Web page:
Communist Comedy: Milos Forman’s The Firemen’s Ball (1967) – Blu-ray review
Forman has a ball, disguising social protest as raucous slapstick and channelling the chaos so well it’s hard to see the joins.
The Firemen’s Ball
(Milos Forman, 1967)
The rigours of filmmaking so often result in stories about order and control; even when things go awry, there’s a logic and structure to the narrative. The joy of Milos Forman’s satirical comedy is the invisibility of the authorial control. On-screen, it looks and feels as chaotic as the events it describes.
It’s the film for which the expression “couldn’t organise a piss-up in a brewery” might have been invented. Forman follows the hapless exploits of the committee in charge of the titular event; all they have to do is look after the raffle prizes and shortlist entrants into the beauty pageant but, despite there being nearly a dozen of them, the situation devolves into a shambolic, if hilarious, mess involving collapsing ladders, unwilling starlets and lots of booze.
Of course, it isn’t really about a bunch of firemen. Against the backdrop of a stern, repressive regime such as Communist Czechoslovakia – and coincidentally released at the time of a brutal suppression of student protests – a film director couldn’t simply criticise the authorities head-on. Instead, Forman delivered this wonderfully allusive study of bureaucratic incompetence and social malaise, disguised as the broadest of farces. Not that it helped Forman; the authorities saw through the ruse and banned it… but then, Forman’s cheeky two-fingered salute wasn’t exactly subtle.
So, dig the allegory. A pageant where the judges are so weak-willed they try to fix the rules based on who shows the most flesh? A populace so prone to petty crime that, when offered the opportunity to return ill-gotten wares, they bunk off with the rest? An event in honour of an ex-president, rushed into being not out of merit but because he’s about to drop dead from cancer. And for good measure, when a real fire comes, everybody is too drunk and discombobulated to take effective action.
There are specific allusions in this hypocritical charade. In the most gleefully satirical touch, the committee decides it doesn’t matter how stole what provided they actually bought tickets for the raffle, a sly debunking of Communism’s claim to equality. Yet for the most part, the generality of the satire can be applied to any organisation, or any crowd, giving it a timelessness that other Cold War black comedies (Dr Strangelove, say) cannot hope to emulate.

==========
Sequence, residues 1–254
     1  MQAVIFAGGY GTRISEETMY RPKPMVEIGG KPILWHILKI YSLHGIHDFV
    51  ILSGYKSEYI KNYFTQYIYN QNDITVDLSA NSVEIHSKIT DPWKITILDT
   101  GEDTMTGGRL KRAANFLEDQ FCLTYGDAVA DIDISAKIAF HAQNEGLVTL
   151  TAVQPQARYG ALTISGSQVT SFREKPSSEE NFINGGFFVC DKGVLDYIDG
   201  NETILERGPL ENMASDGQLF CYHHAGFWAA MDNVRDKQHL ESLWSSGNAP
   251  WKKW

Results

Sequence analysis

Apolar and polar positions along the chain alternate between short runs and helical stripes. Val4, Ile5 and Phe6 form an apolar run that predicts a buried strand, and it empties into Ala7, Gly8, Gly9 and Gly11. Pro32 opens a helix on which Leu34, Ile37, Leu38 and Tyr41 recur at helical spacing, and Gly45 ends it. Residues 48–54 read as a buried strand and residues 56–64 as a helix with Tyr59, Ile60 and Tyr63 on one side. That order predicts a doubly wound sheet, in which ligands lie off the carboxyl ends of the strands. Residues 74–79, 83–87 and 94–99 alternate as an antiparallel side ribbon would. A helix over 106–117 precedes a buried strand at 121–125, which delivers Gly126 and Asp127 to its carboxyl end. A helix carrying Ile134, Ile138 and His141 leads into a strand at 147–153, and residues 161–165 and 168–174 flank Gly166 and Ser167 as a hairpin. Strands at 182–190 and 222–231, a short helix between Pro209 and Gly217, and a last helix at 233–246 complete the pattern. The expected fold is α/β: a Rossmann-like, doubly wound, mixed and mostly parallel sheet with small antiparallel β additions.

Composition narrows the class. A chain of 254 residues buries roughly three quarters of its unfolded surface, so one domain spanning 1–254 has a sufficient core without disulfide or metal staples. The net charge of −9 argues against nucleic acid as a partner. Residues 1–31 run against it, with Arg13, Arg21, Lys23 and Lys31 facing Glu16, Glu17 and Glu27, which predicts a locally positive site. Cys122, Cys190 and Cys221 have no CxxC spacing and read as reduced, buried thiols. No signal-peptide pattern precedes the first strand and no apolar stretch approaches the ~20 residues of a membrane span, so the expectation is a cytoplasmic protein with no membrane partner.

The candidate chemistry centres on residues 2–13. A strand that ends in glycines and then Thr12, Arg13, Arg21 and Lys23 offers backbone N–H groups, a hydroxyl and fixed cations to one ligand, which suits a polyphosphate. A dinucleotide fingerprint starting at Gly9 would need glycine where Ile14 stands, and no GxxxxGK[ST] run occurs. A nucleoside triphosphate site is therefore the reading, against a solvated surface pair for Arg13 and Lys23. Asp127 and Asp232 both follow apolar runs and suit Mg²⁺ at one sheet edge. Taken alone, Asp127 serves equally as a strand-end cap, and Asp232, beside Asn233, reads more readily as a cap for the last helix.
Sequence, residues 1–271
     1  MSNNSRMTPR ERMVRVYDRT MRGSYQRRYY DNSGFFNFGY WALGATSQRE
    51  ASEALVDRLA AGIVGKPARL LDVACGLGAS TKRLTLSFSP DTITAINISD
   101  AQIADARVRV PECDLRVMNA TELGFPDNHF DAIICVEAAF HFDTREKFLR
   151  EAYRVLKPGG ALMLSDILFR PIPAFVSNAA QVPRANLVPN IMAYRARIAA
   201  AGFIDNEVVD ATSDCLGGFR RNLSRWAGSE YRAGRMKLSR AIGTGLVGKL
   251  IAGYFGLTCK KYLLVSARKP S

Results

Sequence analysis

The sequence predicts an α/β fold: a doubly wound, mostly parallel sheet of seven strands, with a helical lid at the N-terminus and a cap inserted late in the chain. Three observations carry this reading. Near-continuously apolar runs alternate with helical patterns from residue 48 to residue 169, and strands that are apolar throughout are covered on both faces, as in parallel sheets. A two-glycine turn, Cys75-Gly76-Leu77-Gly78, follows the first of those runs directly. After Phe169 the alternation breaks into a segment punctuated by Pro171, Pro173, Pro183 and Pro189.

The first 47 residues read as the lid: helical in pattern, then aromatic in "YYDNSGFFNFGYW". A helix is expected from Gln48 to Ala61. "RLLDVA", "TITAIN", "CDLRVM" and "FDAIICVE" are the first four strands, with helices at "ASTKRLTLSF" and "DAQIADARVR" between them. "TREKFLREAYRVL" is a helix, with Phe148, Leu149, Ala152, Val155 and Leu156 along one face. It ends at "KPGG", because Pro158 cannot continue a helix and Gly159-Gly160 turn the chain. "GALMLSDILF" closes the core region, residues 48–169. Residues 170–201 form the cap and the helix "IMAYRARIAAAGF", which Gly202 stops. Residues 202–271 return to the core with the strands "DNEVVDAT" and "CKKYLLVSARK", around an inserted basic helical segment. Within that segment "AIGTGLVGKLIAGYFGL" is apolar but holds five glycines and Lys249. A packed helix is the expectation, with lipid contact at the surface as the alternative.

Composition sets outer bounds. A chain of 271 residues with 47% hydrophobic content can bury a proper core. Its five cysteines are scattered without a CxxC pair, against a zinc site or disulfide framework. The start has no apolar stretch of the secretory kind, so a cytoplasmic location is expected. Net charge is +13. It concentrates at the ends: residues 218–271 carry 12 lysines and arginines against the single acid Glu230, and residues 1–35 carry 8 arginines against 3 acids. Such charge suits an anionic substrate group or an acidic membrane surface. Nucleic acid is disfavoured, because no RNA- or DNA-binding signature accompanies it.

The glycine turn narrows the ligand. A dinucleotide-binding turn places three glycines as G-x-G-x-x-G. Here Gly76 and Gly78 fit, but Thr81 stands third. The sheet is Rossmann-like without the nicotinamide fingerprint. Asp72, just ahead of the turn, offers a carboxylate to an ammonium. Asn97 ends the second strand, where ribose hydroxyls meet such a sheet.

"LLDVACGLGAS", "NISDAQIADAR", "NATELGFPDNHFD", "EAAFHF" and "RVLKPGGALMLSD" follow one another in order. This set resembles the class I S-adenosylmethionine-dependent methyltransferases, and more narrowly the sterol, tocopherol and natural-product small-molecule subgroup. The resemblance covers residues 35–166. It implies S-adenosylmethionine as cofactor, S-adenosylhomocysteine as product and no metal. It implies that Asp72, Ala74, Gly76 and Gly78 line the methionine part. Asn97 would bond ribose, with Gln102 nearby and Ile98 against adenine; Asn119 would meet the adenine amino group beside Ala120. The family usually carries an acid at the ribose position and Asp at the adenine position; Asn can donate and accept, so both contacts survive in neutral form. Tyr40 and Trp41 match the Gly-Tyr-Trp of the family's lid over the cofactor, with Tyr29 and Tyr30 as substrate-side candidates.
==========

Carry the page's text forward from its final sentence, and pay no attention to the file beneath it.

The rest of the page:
Forman’s hands-off direction is crucial. He simply fixes a telephoto lens to the camera and lets it observe the swarm of bodies, perpetually panning to find points of interest; crucially, the use of non-professionals adds to the rough realism, with the clarity of Miroslav cinematography ably capturing the expressively bulbous features of the firemen. Yet there’s a subtle but sharp governance of the material via the editing, a marvel of propulsion that is always alert to new moments of comedy and which ensures that each disaster sets up the next. For good measure, the hysteria is overladen with the never-ending irritation of the ball’s oompa-loompa score, whose driving energy fuels the chaos.
Forman would head off to Hollywood after this; One Flew Over The Cuckoo’s Nest and The People Versus Larry Flynt would follow. Everything that is great about those films was perfected here, notably the ability to sweeten the sourest of socio-political pills with an engaging, darkly comic humanism. Yet here, forced by his environment to (pretend to) behave, Forman set a standard for slapstick satire that is still hard to beat.